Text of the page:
The new government says scrapping British identity cards will save £86m – even after paying off the suppliers’ cancellation fees
The government has today issued its plans for winding up the £5-billion ID scheme, after announcing its intention to do so last week.
The National Identity Register database, containing the biographic and biometric fingerprint data of card holders, will also be destroyed by the first piece of legislation the introduced to Parliament by the new coalition government – the Identity Documents Bill.
The role of the Identity Commissioner will also cease to exist, while public consultation panels, designed to scrutinise the identity cards scheme, have already been disbanded.
“Intrusive” scheme consigned to dustbin of history
Home secretary, Theresa May said that, with “swift” Parliamentary approval of the new bill, “we aim to consign identity cards and the intrusive ID card scheme to history within 100 days”.
The coalition was keen to stress that the move will save the taxpayer around £86 million over the next four years, once all contract cancellation costs are taken into account. It also said it would avoid around £800m of ongoing costs over the next ten years which were to be recovered through fees.
The Identity Documents Bill is part of a first wave of priority legislation set out in the Queen’s Speech on 25 May, invalidating the identity card, meaning that holders will no longer be able to use them to prove their identity or as a travel document in Europe.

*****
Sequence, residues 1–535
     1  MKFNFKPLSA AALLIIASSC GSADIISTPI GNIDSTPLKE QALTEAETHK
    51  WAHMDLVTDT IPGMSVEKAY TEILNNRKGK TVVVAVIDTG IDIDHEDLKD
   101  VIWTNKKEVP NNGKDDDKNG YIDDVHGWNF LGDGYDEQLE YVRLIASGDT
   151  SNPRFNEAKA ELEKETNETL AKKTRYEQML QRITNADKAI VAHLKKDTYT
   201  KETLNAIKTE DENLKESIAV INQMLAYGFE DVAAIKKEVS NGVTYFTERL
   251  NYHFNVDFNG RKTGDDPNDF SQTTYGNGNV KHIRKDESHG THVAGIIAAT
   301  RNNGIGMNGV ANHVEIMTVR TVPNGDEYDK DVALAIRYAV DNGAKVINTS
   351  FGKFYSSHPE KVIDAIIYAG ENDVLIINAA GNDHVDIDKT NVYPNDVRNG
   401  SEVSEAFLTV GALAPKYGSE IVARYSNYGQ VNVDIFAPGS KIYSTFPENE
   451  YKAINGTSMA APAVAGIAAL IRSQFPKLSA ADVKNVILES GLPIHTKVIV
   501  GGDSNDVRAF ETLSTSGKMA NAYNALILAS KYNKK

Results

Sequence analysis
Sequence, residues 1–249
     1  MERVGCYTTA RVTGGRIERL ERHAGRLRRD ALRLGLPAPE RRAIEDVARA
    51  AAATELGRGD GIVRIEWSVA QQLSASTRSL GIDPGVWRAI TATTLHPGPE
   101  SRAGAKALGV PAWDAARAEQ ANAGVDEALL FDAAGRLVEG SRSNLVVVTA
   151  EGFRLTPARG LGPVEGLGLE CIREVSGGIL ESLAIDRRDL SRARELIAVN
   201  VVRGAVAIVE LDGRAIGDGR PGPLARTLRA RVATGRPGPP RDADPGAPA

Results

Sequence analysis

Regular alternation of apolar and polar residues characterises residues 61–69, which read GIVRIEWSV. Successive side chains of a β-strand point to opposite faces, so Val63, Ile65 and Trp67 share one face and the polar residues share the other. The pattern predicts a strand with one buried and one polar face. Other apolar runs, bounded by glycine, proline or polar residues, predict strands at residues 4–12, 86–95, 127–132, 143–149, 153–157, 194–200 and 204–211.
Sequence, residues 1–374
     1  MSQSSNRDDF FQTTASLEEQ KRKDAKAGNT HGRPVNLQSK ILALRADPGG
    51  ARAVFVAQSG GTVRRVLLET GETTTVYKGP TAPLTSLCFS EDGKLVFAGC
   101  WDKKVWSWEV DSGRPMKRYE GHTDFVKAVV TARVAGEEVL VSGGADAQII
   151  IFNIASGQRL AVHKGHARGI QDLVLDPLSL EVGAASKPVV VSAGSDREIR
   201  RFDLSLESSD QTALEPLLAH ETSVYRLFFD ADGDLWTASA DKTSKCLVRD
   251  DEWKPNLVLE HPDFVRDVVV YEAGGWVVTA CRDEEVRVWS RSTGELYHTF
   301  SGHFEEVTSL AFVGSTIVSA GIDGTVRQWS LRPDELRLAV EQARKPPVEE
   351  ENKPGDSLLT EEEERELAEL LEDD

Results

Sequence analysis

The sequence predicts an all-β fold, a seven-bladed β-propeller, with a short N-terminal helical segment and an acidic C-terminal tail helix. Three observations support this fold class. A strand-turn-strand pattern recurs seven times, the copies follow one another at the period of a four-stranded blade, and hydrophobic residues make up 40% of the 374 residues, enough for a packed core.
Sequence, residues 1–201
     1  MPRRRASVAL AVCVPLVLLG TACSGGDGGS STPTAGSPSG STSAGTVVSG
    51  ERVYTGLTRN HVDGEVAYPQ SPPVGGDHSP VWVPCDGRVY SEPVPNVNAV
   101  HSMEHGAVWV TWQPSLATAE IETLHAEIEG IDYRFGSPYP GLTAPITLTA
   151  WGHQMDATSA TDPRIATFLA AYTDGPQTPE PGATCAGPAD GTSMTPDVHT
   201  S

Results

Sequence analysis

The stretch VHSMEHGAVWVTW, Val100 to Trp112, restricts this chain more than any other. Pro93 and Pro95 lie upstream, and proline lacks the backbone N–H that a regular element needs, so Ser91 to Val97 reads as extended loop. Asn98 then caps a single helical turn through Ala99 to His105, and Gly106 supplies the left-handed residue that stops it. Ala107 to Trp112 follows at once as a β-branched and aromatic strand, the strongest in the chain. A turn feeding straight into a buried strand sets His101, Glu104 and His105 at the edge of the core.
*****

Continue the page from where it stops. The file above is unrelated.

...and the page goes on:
Today’s announcement said the aim is to have the Bill pass through Parliament and enacted by the Parliamentary recess in August.
The Identity and Passport Service will inform customers, overseas governments, borders and airports of the change in law when the bill gains Royal Assent.
Deputy prime minister, Nick Clegg added: “The wasteful, bureaucratic and intrusive ID card scheme represents everything that has been wrong with government in recent years. Cancelling the scheme and abolishing the National Identity Register is a major step in dismantling the surveillance state.
“But ID cards are just the tip of the iceberg,” he added. The Tories had been the main proponents for scrapping the scheme in the run up to the General Election.